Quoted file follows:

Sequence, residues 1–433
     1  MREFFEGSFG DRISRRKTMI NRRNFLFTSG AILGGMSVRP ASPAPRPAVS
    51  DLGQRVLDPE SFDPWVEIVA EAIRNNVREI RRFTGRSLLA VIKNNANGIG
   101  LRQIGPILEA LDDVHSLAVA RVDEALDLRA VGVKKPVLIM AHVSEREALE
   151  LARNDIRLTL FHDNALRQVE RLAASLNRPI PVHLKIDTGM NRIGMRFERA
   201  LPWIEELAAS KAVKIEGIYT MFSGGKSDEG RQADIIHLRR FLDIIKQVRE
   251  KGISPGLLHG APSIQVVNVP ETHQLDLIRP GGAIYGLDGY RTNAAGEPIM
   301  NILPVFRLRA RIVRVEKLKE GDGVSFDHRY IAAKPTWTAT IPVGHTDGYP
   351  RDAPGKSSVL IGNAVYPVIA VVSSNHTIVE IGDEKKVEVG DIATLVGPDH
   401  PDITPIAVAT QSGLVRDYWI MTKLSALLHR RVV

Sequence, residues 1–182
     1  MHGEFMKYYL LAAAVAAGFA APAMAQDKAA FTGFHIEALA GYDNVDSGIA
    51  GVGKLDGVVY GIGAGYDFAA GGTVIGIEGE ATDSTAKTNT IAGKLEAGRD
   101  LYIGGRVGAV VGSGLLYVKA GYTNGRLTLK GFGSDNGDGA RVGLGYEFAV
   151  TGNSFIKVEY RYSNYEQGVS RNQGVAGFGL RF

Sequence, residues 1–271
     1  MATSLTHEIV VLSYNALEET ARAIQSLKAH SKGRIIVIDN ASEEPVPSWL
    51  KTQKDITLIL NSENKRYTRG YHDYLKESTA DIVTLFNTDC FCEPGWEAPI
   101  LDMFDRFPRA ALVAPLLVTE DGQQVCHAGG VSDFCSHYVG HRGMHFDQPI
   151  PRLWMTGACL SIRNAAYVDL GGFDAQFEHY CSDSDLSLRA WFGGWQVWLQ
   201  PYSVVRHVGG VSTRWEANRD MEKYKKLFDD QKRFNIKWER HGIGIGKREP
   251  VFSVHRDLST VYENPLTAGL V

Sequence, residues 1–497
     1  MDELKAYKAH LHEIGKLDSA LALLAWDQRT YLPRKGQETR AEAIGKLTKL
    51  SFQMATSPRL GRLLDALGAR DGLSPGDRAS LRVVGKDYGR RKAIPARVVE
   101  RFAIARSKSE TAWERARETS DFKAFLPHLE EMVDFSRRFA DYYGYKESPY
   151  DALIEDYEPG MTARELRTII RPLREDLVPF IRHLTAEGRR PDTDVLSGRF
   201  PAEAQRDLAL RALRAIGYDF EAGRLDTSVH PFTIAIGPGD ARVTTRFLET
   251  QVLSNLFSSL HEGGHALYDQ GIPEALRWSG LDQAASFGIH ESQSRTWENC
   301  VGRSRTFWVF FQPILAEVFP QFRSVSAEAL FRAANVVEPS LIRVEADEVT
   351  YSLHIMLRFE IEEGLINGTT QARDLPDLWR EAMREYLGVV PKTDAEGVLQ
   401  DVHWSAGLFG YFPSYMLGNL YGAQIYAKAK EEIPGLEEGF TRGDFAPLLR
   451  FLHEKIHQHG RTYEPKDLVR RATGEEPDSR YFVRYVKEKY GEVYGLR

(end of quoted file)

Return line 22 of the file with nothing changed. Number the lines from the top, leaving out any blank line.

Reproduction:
   251  VFSVHRDLST VYENPLTAGL V